Treatment of high-risk older persons with lipid-lowering drug therapy.Am J Ther 2008 Mar-Apr; 15(2):102-7AJ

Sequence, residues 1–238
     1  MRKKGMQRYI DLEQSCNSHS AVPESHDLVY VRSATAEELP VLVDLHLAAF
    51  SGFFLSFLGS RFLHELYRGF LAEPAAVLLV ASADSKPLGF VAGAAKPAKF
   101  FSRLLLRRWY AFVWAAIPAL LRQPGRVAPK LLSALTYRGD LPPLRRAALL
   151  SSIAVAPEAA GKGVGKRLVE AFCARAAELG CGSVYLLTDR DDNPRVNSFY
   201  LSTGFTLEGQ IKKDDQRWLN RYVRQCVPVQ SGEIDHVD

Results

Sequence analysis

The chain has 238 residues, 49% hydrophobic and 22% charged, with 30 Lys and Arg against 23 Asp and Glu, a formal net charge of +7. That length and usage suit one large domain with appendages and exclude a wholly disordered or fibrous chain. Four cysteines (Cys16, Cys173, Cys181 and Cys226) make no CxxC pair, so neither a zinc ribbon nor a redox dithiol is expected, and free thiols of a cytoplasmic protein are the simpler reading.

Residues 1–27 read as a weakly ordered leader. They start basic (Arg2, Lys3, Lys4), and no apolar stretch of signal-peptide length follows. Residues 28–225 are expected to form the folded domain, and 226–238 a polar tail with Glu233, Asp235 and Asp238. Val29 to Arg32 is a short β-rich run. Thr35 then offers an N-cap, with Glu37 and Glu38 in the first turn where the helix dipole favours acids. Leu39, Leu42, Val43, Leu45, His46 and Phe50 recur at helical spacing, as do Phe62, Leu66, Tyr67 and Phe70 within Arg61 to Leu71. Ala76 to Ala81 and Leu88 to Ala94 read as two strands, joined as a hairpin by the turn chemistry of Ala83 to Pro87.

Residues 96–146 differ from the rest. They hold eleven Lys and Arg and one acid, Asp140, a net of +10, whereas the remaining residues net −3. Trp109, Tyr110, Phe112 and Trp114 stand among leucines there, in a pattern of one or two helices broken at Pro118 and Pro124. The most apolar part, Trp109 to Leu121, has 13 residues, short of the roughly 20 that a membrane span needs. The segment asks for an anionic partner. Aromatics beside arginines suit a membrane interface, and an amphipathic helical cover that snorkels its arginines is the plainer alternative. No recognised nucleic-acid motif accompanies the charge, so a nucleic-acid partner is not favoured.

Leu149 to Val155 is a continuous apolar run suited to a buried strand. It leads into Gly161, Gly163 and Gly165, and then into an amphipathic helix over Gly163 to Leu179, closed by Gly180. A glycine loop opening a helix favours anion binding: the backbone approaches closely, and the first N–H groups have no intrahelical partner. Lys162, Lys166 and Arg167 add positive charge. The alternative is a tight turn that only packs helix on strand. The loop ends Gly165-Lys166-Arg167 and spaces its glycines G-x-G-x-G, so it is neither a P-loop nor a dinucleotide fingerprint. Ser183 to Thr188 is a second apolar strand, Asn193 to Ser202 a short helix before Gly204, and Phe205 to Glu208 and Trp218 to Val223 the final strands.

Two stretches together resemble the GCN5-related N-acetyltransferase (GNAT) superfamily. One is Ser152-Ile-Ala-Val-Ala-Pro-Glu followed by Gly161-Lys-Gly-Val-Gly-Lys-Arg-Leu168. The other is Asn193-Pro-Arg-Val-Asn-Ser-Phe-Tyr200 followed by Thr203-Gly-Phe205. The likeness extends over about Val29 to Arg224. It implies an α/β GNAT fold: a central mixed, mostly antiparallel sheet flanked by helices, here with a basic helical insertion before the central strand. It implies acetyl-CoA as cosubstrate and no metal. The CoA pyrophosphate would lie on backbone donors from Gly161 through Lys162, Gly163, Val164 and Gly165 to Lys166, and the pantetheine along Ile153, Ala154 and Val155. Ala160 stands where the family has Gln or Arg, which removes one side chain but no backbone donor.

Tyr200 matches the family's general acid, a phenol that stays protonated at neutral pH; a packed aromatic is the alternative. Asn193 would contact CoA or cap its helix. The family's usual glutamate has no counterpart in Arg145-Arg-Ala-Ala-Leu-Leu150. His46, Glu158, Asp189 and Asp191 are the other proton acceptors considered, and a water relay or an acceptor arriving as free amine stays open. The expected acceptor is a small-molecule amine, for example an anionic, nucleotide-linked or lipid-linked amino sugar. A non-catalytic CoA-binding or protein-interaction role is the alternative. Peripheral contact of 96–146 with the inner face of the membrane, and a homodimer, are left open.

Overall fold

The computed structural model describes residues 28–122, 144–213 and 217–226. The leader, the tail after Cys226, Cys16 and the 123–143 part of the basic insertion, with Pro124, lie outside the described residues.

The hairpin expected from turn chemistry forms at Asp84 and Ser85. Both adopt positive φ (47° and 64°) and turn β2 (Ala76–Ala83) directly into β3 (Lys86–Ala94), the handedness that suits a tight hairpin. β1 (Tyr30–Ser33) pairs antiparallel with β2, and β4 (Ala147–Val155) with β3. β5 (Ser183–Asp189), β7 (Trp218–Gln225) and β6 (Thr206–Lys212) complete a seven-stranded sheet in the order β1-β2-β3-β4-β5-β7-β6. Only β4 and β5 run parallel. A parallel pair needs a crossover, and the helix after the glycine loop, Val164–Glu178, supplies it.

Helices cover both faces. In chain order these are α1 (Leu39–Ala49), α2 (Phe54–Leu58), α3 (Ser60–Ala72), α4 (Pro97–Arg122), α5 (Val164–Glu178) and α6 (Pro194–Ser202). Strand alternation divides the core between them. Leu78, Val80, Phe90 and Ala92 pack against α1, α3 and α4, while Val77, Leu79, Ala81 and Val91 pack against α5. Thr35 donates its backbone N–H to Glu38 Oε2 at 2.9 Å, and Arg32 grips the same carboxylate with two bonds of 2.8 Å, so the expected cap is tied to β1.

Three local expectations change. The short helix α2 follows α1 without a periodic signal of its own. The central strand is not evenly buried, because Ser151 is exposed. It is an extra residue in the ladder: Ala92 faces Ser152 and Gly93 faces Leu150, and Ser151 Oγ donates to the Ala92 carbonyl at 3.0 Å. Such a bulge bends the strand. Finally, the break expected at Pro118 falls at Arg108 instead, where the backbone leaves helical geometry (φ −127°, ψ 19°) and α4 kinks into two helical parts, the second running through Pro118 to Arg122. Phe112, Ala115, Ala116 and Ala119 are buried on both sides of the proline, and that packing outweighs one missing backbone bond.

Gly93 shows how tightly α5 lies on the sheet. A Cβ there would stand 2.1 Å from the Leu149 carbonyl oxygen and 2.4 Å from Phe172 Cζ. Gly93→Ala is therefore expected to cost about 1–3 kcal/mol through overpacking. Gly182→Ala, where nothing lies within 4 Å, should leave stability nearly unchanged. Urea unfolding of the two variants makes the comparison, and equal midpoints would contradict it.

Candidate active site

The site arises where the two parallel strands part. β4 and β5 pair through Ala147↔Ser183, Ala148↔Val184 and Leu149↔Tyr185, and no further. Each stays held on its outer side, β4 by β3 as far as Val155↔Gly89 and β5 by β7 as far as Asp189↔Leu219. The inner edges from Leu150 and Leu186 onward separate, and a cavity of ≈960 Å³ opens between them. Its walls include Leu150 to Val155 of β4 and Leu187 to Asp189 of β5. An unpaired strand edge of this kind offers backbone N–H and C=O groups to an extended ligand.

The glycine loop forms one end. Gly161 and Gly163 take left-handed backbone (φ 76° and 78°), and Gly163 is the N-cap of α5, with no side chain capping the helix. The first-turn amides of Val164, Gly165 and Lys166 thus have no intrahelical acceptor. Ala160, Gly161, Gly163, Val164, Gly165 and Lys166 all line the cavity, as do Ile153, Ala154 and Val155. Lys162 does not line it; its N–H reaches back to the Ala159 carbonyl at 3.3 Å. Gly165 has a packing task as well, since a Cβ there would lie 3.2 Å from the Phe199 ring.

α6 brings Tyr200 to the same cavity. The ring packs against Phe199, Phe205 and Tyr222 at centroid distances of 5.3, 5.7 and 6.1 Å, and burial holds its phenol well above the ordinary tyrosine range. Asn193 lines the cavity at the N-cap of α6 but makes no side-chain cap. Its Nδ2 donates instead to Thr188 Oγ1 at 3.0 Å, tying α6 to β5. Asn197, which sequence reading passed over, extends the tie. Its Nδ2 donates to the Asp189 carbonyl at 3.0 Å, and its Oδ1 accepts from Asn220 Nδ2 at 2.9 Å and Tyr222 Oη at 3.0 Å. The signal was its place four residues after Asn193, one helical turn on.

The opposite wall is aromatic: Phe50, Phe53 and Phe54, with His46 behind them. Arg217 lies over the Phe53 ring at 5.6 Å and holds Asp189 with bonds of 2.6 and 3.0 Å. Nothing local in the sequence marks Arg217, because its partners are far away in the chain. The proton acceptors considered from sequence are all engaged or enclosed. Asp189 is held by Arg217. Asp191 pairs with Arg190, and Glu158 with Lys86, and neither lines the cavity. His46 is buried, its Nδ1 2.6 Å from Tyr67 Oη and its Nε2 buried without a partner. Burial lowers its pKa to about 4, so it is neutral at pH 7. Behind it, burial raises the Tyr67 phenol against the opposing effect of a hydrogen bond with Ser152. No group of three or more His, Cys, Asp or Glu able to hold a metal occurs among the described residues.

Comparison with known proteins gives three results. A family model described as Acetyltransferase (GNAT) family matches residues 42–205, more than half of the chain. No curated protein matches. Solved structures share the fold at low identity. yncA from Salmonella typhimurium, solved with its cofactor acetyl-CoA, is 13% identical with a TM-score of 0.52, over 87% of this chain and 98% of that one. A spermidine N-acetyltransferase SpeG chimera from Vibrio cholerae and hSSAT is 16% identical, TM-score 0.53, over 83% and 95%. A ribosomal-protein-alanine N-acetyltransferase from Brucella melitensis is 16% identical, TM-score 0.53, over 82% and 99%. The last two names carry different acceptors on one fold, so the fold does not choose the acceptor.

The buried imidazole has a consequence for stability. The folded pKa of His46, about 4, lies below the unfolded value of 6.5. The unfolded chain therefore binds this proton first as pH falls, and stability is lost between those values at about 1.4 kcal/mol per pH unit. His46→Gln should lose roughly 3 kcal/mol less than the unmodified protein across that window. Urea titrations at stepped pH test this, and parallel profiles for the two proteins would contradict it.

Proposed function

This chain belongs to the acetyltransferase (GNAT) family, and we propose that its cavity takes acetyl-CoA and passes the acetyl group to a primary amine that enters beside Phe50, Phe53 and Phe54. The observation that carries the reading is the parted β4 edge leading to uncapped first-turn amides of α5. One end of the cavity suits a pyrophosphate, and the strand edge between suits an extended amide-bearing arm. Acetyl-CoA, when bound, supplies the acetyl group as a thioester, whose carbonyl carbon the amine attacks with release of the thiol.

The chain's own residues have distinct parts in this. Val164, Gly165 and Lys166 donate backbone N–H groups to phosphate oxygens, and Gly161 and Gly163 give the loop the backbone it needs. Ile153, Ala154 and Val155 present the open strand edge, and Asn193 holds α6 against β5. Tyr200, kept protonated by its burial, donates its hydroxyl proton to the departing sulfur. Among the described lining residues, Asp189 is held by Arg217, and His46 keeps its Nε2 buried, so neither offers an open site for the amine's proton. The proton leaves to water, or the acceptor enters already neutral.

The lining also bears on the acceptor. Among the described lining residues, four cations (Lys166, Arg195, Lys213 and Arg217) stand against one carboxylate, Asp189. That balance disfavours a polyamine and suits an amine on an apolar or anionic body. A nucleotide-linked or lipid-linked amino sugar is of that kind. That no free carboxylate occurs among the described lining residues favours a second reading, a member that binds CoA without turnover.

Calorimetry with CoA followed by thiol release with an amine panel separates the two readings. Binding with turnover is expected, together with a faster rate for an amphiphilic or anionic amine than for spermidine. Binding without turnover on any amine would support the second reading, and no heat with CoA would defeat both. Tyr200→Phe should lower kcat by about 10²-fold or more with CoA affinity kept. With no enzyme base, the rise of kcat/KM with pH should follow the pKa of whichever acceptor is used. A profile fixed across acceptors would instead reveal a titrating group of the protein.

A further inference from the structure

Randomized, double-blind, placebo-controlled studies and observational studies have demonstrated that statins reduce mortality and major cardiovascular events in high-risk persons with hypercholesterolemia. The aim of this study was to review the evidence for treating high-risk older persons with lipid-lowering drugs. A MEDLINE search of the English-language literature published from January 1, 1989, to June 2006 was conducted to review all studies in which lipid-lowering drug therapy was administered to high-risk older persons. The Heart Protection Study showed that statins reduced mortality and major cardiovascular events in high-risk persons, regardless of the initial level of serum lipids, age, or gender. The updated National Cholesterol Education Program (NCEP) III guidelines state that in very-high-risk patients, a serum low-density lipoprotein (LDL) cholesterol level of <70 mg/dL is a reasonable clinical strategy, regardless of age. When a high-risk person has hypertriglyceridemia or low serum high-density lipoprotein cholesterol, consideration can be given to combining a fibrate or nicotinic acid with an LDL cholesterol-lowering drug. For moderately-high-risk persons, the serum LDL cholesterol should be reduced to <100 mg/dL. When LDL cholesterol-lowering drug therapy is used for high-risk persons or moderately-high-risk persons, the serum LDL cholesterol should be reduced at least 30% to 40%. High-risk older persons should be treated with lipid-lowering drugs according to the NCEP III updated guidelines to reduce cardiovascular morbidity and mortality.